May 25: Wet Memorial Day, Severe Potential Tuesday

11am update: At its current rate of movement, the back edge of the heaviest rain might reach I-65 by 5pm, so I’m losing faith in the Futurecast images below. Just a wet holiday overall. 

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An “all-weather” post for the holiday today…the science-y links will be back tomorrow.

As recently as Saturday, I was thinking that today’s rain chances would mostly take shape in the midday and afternoon time frame, but Mother Nature had other ideas.  Unfortunately, the morning and early-afternoon hours are looking the wettest — no severe weather, just widespread showers and a few thunderstorms.  Those will severely dampen Memorial Day remembrance ceremonies this morning, so grab an umbrella and dress appropriately for the wet weather.  Here’s what Futurecast is showing through early afternoon:
RPM 10A MON RPM 12P MON RPM 2P MON

In short:
yuck

If you’re looking for a time today for outdoor activities, your best opportunity will be in the late afternoon and early evening.  I can’t guarantee dry weather at that point, but it’s when you’ll have the best odds of staying dry.  Futurecast shows both the eastward movement of the heaviest rain, but also the chance for some hit-and-miss showers to pop back up:
RPM 4P MON RPM 6P MON

Of course, all of that assumes that the Futurecast model is correctly simulating today’s weather scenario…which is a hazardous assumption.  “Foolishly optimistic” is my frame of mind for the afternoon and evening:
o-rly

The hit-and-miss showers should quickly quiet down once the sun goes down, but more storms are expected on Tuesday.  Lots of wild cards regarding our storm chances tomorrow, including the specific timing of the highest storm chance, and the potential strength of those storms.  The earlier in the day the storms develop, the lower our severe weather potential will be.  Right now, the Futurecast computer models are holding off storm development until the late morning and early afternoon — at that point the atmosphere would be warm and unstable enough for a few storms to become severe:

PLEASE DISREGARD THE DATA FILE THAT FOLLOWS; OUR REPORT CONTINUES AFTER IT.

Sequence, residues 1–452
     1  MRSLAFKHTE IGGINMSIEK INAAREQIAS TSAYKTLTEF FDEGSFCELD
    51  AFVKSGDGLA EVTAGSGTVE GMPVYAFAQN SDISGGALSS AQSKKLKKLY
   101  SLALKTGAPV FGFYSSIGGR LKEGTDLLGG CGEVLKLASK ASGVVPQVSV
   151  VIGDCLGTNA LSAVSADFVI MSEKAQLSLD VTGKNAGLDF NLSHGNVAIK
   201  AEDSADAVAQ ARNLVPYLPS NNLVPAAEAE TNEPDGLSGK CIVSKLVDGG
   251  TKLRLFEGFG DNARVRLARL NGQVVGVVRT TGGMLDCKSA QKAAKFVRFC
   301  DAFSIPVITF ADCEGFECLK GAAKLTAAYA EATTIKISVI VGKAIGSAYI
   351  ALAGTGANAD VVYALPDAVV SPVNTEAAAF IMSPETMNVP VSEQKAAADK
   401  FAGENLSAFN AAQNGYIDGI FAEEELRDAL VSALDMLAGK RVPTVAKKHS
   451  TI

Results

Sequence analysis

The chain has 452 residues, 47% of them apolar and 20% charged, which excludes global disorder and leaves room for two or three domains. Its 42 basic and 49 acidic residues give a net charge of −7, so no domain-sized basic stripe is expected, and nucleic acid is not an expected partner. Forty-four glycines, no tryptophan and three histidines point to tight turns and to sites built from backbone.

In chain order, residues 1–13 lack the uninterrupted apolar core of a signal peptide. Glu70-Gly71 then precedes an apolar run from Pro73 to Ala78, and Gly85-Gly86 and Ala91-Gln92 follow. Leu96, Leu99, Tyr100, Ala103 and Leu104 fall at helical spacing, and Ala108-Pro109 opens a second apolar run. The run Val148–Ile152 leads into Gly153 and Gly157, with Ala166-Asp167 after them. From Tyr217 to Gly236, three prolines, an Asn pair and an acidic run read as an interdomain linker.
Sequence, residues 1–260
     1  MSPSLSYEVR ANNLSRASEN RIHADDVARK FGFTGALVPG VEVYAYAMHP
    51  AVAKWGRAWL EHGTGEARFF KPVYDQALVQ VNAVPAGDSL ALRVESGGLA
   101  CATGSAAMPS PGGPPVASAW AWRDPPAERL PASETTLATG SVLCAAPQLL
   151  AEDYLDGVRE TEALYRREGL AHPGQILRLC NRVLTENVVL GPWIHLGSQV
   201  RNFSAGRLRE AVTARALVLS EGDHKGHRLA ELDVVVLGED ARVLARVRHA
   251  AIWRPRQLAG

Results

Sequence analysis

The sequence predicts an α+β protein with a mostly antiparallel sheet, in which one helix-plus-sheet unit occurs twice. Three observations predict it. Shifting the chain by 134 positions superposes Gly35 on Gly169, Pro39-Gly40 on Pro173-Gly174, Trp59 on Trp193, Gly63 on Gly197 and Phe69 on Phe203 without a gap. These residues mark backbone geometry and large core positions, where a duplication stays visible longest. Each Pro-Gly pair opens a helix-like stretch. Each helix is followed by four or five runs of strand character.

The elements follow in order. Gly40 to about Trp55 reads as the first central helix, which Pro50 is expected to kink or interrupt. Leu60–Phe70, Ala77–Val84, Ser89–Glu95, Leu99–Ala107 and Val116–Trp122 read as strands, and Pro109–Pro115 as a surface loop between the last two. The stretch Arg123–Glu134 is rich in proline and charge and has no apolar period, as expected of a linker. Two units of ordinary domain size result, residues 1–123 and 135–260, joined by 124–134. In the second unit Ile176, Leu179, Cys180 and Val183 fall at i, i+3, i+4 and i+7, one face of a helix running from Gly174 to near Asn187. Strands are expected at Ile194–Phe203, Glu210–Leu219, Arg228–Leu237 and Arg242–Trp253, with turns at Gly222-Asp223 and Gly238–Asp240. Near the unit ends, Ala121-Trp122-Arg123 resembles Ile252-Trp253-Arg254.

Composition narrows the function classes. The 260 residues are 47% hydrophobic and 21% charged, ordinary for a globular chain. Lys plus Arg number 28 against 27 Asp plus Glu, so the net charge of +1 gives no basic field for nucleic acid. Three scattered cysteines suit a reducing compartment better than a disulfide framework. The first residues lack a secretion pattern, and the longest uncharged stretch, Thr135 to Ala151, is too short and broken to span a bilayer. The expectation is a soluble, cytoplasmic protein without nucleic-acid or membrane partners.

RPM 12P TUE RPM 2P TUE RPM 4P TUE

The Storm Prediction Center has included the whole Midstate in a “Slight Risk” of severe thunderstorms on Tuesday:
PAUL SEVERE RISK REGION

Specifically, that means SPC is estimating a 15% chance of severe weather occurring with 25 miles of any particular point in the risk area.

As I mentioned on social media over the weekend, I’m not overly impressed with our severe weather setup tomorrow — there won’t be much wind energy in the atmosphere, and the chance of early-morning clouds and rain is high enough that instability might be lacking by the afternoon.  There are a lot of “if”s and “however”s in play, but the bottom line is that IF storms can get organized during the warmest part of the day, they’ll have the potential to produce 60+mph wind gusts and maybe some 1” hail.  We keep an eye on any storm that develops, just in case.
PETE-EYE-CLOCK-GIF

In general, the weather pattern will remain unsettled through at least next weekend — that means a chance of scattered storms each day, with warm and muggy conditions whenever it’s not raining.
7 Day PM

About paulheggen33

Morning meteorologist for WNCN-TV in Raleigh.
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